Rosneft to take 30 percent in Norwegian driller
Russia’s biggest oil company Rosneft has agreed to purchase a stake in Norway's North Atlantic Drilling (NADL) through an asset swap, which appears to show businesses remain undeterred by political sanctions.
Rosneft has agreed to take a 30 percent of North Atlantic in return for 150 onshore drilling assets in Russia, and some cash. The final terms of the deal, including the amount of investments in the Norwegian company, will be set after it passes due diligence, which is expected to be done by the end of the year, Rosneft said in a statement Friday.
Rune Magnus Lundetrae, Chief Financial Officer of Seadrill, which owns 70 percent of North Atlantic, told Bloomberg Rosneft would also buy 100 million new shares at $9.25 apiece.
The deal comes amidst sanctions tension between Russia and the West and shows that foreign businesses still want to cooperate with Russia, leaving politics aside.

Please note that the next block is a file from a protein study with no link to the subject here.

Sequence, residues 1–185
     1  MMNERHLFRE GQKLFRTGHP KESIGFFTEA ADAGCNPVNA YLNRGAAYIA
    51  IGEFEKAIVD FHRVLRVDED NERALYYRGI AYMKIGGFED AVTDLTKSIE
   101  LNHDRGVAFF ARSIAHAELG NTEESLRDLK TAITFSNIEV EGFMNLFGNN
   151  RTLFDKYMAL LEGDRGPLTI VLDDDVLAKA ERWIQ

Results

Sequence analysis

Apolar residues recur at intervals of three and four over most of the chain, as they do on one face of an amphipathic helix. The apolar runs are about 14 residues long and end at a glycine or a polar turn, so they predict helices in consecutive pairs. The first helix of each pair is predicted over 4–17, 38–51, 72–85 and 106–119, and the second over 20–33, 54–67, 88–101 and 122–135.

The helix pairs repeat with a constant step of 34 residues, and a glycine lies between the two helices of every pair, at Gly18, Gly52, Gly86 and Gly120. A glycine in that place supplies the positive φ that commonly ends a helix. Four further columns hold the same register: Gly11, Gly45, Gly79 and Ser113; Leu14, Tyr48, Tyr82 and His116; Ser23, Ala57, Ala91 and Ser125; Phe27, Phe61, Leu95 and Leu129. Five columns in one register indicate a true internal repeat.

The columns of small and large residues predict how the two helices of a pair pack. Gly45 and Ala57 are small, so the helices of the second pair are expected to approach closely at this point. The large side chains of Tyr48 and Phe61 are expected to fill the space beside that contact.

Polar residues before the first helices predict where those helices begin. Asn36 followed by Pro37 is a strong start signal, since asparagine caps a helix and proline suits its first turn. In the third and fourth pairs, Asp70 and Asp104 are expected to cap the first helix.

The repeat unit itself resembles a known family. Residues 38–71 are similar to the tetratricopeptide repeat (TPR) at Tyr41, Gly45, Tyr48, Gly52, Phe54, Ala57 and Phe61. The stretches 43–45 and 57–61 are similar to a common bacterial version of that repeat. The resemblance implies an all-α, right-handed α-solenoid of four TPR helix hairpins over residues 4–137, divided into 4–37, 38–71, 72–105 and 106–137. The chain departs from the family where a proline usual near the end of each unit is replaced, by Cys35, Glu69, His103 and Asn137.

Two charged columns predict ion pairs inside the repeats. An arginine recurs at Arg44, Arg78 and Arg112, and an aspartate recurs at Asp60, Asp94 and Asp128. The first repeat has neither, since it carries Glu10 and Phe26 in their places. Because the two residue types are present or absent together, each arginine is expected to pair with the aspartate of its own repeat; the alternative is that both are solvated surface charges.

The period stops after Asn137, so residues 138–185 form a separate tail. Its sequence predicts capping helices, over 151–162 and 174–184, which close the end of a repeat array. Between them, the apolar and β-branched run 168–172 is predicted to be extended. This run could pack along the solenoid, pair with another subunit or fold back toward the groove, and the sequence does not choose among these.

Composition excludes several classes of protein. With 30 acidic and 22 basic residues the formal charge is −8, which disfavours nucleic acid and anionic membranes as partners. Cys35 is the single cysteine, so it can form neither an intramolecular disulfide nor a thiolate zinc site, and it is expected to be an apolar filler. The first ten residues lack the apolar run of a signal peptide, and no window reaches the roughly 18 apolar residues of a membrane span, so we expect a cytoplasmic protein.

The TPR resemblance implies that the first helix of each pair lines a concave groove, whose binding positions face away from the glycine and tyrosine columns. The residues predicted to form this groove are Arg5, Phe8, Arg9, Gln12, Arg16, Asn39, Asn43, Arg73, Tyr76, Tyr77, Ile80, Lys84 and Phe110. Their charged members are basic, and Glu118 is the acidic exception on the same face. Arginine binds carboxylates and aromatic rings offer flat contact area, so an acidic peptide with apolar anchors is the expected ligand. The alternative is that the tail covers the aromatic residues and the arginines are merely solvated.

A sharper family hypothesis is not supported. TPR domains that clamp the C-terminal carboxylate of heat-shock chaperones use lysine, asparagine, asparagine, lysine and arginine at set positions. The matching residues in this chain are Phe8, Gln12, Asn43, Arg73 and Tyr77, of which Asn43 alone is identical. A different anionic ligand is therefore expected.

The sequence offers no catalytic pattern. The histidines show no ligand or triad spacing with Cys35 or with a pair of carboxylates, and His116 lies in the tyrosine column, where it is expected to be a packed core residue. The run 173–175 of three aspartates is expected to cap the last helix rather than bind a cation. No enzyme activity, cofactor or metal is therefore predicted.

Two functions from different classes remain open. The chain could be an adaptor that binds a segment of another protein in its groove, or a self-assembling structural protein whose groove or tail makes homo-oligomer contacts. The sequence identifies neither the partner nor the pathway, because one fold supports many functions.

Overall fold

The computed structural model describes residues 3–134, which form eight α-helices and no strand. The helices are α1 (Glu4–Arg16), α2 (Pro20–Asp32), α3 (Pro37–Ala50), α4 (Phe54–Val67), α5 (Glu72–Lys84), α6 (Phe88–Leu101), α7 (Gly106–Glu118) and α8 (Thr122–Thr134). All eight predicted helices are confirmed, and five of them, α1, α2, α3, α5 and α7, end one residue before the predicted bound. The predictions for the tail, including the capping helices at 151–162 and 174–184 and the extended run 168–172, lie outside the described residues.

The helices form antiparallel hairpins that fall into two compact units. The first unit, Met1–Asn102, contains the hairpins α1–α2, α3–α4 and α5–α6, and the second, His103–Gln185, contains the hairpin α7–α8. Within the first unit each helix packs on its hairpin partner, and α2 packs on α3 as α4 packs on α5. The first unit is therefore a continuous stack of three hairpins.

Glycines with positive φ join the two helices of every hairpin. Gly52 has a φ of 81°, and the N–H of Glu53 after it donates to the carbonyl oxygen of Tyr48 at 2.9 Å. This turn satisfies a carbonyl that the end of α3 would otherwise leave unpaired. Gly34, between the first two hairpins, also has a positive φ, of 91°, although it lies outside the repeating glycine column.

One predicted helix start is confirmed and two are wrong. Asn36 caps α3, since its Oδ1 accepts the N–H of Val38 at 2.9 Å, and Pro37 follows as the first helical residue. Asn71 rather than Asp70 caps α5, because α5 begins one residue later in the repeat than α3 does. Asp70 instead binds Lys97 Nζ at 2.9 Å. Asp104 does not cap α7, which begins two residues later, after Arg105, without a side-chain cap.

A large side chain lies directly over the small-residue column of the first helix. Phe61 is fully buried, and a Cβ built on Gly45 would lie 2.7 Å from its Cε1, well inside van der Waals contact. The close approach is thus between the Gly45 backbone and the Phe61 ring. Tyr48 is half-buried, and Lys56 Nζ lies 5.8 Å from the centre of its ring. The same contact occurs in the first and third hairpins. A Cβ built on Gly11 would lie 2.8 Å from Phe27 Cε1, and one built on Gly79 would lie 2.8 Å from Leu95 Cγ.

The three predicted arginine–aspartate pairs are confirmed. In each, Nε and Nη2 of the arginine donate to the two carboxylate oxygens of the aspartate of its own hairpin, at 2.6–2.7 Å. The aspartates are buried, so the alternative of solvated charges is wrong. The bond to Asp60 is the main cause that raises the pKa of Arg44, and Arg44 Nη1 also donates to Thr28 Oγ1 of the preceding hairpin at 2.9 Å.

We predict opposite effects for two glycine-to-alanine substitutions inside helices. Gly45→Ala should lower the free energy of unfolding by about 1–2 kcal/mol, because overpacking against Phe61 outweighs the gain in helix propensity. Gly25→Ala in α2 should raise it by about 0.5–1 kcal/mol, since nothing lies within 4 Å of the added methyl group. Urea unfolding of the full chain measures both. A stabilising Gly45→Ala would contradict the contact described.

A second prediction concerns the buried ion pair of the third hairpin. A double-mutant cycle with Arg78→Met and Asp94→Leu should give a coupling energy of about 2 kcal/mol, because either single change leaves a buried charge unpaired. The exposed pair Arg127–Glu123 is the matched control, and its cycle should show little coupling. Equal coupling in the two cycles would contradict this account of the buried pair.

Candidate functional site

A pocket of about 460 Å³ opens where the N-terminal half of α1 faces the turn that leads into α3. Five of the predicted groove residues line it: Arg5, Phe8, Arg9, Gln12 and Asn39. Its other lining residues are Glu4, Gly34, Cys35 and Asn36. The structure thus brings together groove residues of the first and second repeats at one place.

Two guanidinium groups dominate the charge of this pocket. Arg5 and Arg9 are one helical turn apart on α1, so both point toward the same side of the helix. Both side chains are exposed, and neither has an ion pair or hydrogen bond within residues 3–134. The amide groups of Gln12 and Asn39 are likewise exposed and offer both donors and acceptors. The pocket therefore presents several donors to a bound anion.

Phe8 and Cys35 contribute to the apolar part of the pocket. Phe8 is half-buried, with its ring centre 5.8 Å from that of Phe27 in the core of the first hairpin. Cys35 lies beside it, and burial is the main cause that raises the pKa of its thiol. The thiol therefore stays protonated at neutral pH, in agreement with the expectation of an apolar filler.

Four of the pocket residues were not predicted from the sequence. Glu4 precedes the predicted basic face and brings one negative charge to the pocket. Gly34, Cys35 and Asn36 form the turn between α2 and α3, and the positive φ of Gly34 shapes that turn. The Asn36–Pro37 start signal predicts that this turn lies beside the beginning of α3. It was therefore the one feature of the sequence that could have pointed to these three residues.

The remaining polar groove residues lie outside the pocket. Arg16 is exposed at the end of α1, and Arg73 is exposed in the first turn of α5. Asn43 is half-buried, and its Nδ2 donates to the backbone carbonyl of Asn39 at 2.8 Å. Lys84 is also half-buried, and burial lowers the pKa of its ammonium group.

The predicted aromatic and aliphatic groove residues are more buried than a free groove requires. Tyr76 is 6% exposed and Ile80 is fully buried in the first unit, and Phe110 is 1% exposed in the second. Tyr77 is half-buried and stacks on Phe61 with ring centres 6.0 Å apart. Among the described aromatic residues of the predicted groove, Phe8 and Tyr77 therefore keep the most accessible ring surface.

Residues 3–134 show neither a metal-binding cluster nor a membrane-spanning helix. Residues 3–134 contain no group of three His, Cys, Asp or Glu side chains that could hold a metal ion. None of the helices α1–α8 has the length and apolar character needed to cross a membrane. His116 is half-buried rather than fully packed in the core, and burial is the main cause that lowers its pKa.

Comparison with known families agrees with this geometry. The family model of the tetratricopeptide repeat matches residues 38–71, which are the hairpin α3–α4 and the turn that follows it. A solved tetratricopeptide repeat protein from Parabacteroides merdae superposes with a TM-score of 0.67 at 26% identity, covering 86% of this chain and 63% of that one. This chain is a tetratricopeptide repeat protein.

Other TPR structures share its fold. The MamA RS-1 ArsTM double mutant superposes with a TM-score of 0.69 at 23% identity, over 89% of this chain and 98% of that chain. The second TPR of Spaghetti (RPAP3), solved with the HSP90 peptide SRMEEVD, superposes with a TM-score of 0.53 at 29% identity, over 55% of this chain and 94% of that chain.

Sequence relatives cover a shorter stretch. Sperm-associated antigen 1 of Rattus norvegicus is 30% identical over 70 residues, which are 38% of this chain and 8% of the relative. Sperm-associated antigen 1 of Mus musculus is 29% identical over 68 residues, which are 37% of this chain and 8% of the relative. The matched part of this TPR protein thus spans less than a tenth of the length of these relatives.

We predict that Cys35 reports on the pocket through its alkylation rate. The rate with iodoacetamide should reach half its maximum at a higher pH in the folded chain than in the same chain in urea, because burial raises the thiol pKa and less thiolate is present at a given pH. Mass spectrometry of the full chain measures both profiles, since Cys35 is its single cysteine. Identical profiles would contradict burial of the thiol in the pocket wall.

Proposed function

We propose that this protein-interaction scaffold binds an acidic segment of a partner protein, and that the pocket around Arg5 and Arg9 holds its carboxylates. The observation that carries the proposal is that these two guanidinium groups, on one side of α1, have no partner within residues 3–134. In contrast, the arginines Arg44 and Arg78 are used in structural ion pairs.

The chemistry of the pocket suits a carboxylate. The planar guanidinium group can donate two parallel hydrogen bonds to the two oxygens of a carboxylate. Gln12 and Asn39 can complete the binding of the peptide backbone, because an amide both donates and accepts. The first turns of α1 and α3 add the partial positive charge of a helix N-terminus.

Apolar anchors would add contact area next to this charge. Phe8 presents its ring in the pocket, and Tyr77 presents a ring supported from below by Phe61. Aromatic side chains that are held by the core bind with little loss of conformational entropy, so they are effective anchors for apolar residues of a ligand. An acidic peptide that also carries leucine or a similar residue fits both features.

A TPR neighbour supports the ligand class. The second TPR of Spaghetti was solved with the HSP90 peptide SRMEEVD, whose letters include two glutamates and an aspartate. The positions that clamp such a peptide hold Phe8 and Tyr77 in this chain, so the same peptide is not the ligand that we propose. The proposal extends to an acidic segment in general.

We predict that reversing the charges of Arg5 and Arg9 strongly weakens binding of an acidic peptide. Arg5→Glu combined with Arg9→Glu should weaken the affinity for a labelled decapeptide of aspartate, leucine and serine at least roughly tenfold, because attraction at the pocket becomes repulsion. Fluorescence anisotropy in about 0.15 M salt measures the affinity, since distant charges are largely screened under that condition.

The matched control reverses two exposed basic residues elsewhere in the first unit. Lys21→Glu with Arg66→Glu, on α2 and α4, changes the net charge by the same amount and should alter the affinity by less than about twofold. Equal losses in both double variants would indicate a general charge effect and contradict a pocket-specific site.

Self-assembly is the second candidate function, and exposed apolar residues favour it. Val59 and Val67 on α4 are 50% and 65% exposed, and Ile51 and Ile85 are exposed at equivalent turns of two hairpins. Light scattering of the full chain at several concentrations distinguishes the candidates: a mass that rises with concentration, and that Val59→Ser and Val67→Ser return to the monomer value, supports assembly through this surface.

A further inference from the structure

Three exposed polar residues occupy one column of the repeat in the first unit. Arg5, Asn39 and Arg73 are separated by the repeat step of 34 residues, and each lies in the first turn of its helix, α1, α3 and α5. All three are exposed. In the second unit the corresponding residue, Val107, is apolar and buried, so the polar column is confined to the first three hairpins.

“We’re very pleased with the execution of this important transaction and welcome Rosneft as an equity partner and to our board of directors,” Alf Ragnar Lovdal, CEO of North Atlantic, said in a statement.
“We’re not very worried” that the sanctions will affect any part of these deals, Lundetrae told Bloomberg by phone. “Rosneft is a very good and constructive partner for us.”
Friday’s deal marks the second step under a framework agreement signed in May. Last month, just days before the EU imposed tighter economic sanctions against Russia; the two companies completed the lease of offshore rigs. Under the July agreement, Rosneft and NADL will cooperate in shelf drilling, with the Norwegian company providing Rosneft with six sea drilling units till 2022 to conduct shelf drilling in harsh weather conditions.
ExxonMobil and Norway’s Statoil have also confirmed they would continue offshore Arctic drilling with Rosneft, despite politicians in the EU and the US seeking to make Russia change its policy over Ukraine by putting on economic pressure.
On Thursday, the Financial Times reported Vitol, the world’s largest independent oil trader, was shelving its $2 billion deal with Rosneft.